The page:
Fortunately, using ZF2′s autoloader stack and Phing, we can enjoy both worlds: while in development, standard PSR-0 autoloading is used and the developer can work smoothly without worrying about updating class maps. As we push code towards production, our build system takes care of updating class map files, ensuring super-fast autoloading in production using the ClassMapAutoloader. How is this done? Read on to learn.

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Say Hi to Shoppimon – Magento Monitoring for “Normal” People

For a while now I have been telling people I am “working on a small project” – and now is the time to unveil the mystery and introduce Shoppimon – a new start-up which I founded together with a small group of friends, and am currently spending most of my time around.

The idea of Shoppimon is simple – we want to provide Web monitoring and availability analysis which will be useable by, and useful to “normal” people – not only the tech guy, the programmer or the IT specialist, but the site owner, the business owner or even the marketing guy – in other words the real stake holder.

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Storing Passwords the Right Way

I consider this post a bit of an experiment in writing about what I consider “beginner” material. Not that it is necessarily simple or easy stuff anyone should know, but simply because this is not a “new discovery” as far as I am concerned. Also, I usually try not to write about security related material, as I do not consider myself a security expert. However, since I’m starting to teach a “PHP 101″ course soon (maybe I’ll post more about it in the next few weeks), and since I was asked a few times about this topic recently, I’ve decided to write up my experience on this topic and test the reactions.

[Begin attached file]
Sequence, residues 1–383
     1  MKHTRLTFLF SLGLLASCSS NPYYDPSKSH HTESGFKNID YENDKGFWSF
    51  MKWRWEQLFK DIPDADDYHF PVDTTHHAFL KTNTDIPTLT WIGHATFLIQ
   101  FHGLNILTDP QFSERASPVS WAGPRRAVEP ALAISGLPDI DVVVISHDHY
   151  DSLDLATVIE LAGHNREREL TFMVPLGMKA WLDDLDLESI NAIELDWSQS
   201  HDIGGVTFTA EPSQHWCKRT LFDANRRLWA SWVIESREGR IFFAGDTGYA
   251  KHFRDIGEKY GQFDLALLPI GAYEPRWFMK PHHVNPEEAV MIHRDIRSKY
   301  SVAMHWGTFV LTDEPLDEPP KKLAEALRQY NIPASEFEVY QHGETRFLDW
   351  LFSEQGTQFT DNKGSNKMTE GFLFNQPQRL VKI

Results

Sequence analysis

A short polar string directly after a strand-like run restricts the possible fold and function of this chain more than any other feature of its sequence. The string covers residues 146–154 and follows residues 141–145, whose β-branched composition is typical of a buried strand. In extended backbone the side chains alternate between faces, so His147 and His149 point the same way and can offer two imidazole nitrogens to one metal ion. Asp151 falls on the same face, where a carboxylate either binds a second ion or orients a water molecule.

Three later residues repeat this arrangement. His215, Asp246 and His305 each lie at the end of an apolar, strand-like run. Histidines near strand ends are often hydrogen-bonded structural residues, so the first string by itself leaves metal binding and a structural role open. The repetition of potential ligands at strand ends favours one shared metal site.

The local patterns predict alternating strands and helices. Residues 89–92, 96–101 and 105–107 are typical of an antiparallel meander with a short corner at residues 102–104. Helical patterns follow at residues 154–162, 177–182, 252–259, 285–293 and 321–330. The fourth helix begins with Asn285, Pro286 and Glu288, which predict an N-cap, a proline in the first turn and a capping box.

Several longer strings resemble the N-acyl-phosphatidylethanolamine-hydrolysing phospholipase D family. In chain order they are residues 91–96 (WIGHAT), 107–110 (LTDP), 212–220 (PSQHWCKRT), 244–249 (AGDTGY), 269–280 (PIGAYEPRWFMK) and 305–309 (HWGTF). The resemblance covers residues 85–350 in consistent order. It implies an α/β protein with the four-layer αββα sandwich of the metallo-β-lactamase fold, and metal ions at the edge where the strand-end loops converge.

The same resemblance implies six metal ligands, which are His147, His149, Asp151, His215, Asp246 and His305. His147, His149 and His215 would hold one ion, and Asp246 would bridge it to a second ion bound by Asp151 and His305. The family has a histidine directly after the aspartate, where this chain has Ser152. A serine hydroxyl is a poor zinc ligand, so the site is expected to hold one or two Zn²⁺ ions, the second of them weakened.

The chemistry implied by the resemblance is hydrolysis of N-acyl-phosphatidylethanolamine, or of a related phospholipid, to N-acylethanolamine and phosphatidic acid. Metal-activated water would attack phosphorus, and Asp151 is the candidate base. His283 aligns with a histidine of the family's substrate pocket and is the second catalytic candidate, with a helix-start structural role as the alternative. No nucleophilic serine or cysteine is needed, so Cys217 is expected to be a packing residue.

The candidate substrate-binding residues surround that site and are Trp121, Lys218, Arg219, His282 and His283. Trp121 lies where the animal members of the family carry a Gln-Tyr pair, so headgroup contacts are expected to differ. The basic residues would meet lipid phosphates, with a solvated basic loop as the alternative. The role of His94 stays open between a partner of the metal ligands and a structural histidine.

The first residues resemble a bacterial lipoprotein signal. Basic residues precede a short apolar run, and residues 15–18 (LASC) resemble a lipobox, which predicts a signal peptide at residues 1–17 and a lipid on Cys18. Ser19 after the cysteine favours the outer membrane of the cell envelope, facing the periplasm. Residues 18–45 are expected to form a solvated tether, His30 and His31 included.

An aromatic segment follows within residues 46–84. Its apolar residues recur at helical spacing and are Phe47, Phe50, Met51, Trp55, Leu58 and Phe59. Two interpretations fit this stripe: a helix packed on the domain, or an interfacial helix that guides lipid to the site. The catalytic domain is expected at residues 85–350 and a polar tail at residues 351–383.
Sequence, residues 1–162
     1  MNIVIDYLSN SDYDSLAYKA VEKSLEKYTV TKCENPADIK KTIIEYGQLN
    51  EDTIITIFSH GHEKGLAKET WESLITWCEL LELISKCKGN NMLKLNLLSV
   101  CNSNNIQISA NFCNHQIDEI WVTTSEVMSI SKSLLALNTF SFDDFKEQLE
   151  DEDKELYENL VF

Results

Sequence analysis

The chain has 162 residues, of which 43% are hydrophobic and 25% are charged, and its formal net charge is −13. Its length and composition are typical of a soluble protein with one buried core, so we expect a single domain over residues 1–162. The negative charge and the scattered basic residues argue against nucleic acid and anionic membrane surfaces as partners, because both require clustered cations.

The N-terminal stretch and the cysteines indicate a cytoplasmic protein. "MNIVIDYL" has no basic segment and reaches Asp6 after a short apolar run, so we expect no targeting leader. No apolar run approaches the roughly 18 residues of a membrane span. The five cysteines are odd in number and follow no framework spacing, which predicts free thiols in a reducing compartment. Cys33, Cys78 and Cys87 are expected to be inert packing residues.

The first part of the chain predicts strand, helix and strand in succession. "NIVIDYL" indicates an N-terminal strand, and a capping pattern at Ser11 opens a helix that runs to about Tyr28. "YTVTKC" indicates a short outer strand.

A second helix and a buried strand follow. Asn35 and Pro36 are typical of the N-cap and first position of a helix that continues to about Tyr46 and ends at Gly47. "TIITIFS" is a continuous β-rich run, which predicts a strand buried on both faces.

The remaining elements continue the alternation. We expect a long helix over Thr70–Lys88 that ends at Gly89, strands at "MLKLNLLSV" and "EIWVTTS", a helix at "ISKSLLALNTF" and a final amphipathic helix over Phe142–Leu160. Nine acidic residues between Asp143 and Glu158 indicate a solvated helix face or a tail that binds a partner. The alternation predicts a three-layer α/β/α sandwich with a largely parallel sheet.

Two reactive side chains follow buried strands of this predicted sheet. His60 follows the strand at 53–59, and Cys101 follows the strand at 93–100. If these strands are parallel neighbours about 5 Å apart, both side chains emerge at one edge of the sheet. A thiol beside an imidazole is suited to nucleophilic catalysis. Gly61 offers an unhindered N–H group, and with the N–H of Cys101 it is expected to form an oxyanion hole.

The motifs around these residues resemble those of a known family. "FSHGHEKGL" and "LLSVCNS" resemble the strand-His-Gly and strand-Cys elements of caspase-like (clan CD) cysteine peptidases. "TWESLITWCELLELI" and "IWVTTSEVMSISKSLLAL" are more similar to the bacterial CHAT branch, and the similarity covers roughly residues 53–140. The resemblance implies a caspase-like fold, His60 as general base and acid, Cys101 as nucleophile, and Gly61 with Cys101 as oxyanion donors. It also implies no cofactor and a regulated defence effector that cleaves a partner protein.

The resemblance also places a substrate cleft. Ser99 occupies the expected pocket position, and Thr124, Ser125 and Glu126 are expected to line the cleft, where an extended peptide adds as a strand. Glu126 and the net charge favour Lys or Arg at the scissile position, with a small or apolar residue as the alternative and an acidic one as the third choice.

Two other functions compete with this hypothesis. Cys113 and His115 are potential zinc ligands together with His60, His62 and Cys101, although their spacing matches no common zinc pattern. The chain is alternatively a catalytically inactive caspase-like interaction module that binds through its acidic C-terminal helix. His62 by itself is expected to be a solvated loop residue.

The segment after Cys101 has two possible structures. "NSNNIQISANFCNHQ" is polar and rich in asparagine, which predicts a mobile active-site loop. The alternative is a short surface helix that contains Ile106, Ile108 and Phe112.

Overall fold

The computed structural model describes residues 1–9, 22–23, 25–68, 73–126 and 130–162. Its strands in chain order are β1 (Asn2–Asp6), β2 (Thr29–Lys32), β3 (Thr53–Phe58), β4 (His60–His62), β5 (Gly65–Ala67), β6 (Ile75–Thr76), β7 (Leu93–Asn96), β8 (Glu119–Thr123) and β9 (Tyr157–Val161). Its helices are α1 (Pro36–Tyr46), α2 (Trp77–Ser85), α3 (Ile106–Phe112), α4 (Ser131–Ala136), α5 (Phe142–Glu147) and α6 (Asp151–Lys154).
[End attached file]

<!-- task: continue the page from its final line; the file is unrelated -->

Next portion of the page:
So, the topic in question is “what is the right way to store user passwords in my DB”. To be clear, I am talking specifically about the passwords users will use to log in to your application, not some 3rd party password you need to store for whatever reason. This is something almost any application out there requires – unless you interface with some external authentication mechanism (OAuth, openId, your office LDAP or Kerberos server), there’s a very high chance you’ll need to authenticate users against a self-stored user name and password.

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My PHP Streams API article was published by php|architect

php|architect, one of the most prominent professional PHP magazines in the world, has published an article I wrote about PHP’s user-space Streams API in its December 2011 issue:

Go with the Flow: PHP’s Userspace Streams API

Almost every PHP application out there needs to read data from files or write data to files – or things that look like files but are not quite files – these unstructured blobs of data are commonly referred to as “streams”. Stream functions allow a scalable, portable and memory efficient way to handle data, and pretty much any PHP developer out there knows how to read data from or write data to a steam. The best part is that you don’t have to be an extension author in order to provide access to any data source as if it was just a regular file. PHP’s userspace streams API allows you do to exactly that, and this article will show you how.
If you’re a subscriber, feel free to read the article and send me your feedback. If not, go ahead an buy the issue :)

XPath regular expression matching in PHP 5.3